In the 1980s the PLA attempted to upgrade the quality of its inductees by changing recruiting practices. The PLA previously drew its recruits from rural youth of politically acceptable families. But the Military Service Law, the introduction of rural reforms offering greater economic opportunities for rural youth, and the PLA's requirements for higher educational levels caused recruitment to draw more recruits from better educated urban youth. Officers were drawn from military academy graduates; enlisted men and women who completed officer training in officially designated institutions and passed officer fitness tests; graduates of universities and special technical secondary schools; and civilian cadres and technical personnel recruited by nonmilitary units in the PLA. As a result of the new conscription and officer recruitment practices, the level of education in the PLA was much higher than that of the general population.

In 1987 approximately 100,000 women served in the PLA and represented one-tenth of the officer corps and one-quarter of the specialized technicians. Women served primarily in scientific research, communications, medical, and cultural units. Members of China's ethnic minorities also served in the PLA, but their percentage within the military was probably considerably lower than their proportion in the general population, partly because of their lower level of education and partly because government and party suspicion of their loyalties.

The Military Service Law stipulated changes in conditions of service. Compulsory terms of service were three years for the ground forces and four for the Air Force and Navy. Soldiers could elect another term of one or two years in the ground forces and one year in the Navy and Air Force. After completing five years of compulsory service, a soldier could switch to voluntary service and could serve an eight- to twelve-year term until the age of thirtyfive . The conscription law also made provisions for limited preferential treatment of service personnel and their families. However, military service was regarded by some as a hardship because of low pay, poor food, lowered marriage prospects, and difficulties in finding jobs after demobilization. To alleviate the unattractive aspects of military service and to help local economic development, the PLA instituted a program of dual-use training, whereby soldiers learned skills useful in civilian life in addition to military training.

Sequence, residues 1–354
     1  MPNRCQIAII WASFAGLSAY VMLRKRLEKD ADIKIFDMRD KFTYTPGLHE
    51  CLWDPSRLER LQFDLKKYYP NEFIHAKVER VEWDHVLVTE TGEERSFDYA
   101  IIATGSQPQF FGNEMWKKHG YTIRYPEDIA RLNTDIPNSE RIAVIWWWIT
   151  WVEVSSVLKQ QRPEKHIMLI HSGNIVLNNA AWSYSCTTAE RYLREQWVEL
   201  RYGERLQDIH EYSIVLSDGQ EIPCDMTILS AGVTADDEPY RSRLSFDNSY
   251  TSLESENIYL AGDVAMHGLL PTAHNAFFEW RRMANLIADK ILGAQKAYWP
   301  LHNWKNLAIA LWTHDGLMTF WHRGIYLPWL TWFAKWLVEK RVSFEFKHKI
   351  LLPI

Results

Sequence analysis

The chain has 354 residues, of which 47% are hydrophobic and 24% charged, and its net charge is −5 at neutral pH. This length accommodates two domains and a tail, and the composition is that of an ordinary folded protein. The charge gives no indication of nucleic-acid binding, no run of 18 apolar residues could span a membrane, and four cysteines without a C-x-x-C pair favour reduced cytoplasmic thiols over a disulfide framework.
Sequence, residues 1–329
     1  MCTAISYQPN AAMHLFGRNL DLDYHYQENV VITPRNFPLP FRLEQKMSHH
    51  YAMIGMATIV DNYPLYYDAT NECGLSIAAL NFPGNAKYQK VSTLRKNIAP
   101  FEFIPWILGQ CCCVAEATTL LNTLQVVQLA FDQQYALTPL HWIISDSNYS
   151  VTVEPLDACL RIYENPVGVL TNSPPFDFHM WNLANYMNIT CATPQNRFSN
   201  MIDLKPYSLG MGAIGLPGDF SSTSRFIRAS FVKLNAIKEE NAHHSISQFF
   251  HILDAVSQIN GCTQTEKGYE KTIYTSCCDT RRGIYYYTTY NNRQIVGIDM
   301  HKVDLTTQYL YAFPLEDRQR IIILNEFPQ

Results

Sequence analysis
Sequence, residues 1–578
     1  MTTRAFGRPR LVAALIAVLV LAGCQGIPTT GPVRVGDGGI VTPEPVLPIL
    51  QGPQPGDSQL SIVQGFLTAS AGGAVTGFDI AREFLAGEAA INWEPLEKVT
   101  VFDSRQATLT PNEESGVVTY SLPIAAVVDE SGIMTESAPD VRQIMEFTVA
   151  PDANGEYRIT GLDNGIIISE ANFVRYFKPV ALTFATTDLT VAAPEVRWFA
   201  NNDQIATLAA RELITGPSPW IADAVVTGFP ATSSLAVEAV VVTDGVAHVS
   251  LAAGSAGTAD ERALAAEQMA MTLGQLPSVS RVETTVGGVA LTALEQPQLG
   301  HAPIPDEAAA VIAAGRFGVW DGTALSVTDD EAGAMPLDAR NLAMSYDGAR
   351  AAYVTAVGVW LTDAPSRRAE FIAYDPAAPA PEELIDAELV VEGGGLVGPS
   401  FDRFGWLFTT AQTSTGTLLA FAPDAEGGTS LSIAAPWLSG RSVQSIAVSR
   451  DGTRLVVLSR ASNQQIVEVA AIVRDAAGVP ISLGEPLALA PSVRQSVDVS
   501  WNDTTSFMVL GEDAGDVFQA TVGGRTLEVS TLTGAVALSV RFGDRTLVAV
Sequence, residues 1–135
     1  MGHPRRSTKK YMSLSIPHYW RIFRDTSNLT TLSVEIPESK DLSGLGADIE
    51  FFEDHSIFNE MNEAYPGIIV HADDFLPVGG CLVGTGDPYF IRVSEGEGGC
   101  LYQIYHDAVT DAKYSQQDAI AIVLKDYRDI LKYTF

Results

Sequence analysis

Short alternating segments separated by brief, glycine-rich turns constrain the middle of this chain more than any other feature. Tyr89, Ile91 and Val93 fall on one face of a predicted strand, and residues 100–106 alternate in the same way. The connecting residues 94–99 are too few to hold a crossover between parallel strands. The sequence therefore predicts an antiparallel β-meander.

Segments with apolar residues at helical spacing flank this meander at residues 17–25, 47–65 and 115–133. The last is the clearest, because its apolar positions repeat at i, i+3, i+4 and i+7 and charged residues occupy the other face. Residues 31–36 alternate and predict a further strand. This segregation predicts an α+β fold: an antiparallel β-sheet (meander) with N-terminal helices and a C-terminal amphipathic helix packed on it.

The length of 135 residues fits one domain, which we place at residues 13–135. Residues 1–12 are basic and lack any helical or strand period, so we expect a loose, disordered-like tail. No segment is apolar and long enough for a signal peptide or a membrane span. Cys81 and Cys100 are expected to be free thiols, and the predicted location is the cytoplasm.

The Chinese military will make some adjustment in its national defense student recruitment policy beginning from this year, and the purpose of the policy switch is to absorb more young talented people to join the army, China's Defense Ministry said on 26 May 2017. As a part of Chinese military reform, the 17-year-long national defense student system will also undergo a major reform, and starting from 2017, the military will directly select and recruit defense students from graduates of regular higher learning institutions, according to the Information Affairs Bureau under the Defense Ministry.

At the same time, the military will terminate enrolling defense students from senior high school graduates and selecting defense students from civil university undergraduates, the Information Bureau added. The adjustment of the national defense students enrollment policy mainly aims to further expand channels of cultivating military talents by combining military and civil efforts and have a more extensive utilization of national educational resources as well as to provide broader platforms for more talented young people to join the military, said the Information Bureau.



NEWSLETTER
Join the GlobalSecurity.org mailing list


Unconventional Threat podcast - Threats Foreign and Domestic: 'In Episode One of Unconventional Threat, we identify and examine a range of threats, both foreign and domestic, that are endangering the integrity of our democracy'


 
Page last modified: 18-01-2020 19:01:40 ZULU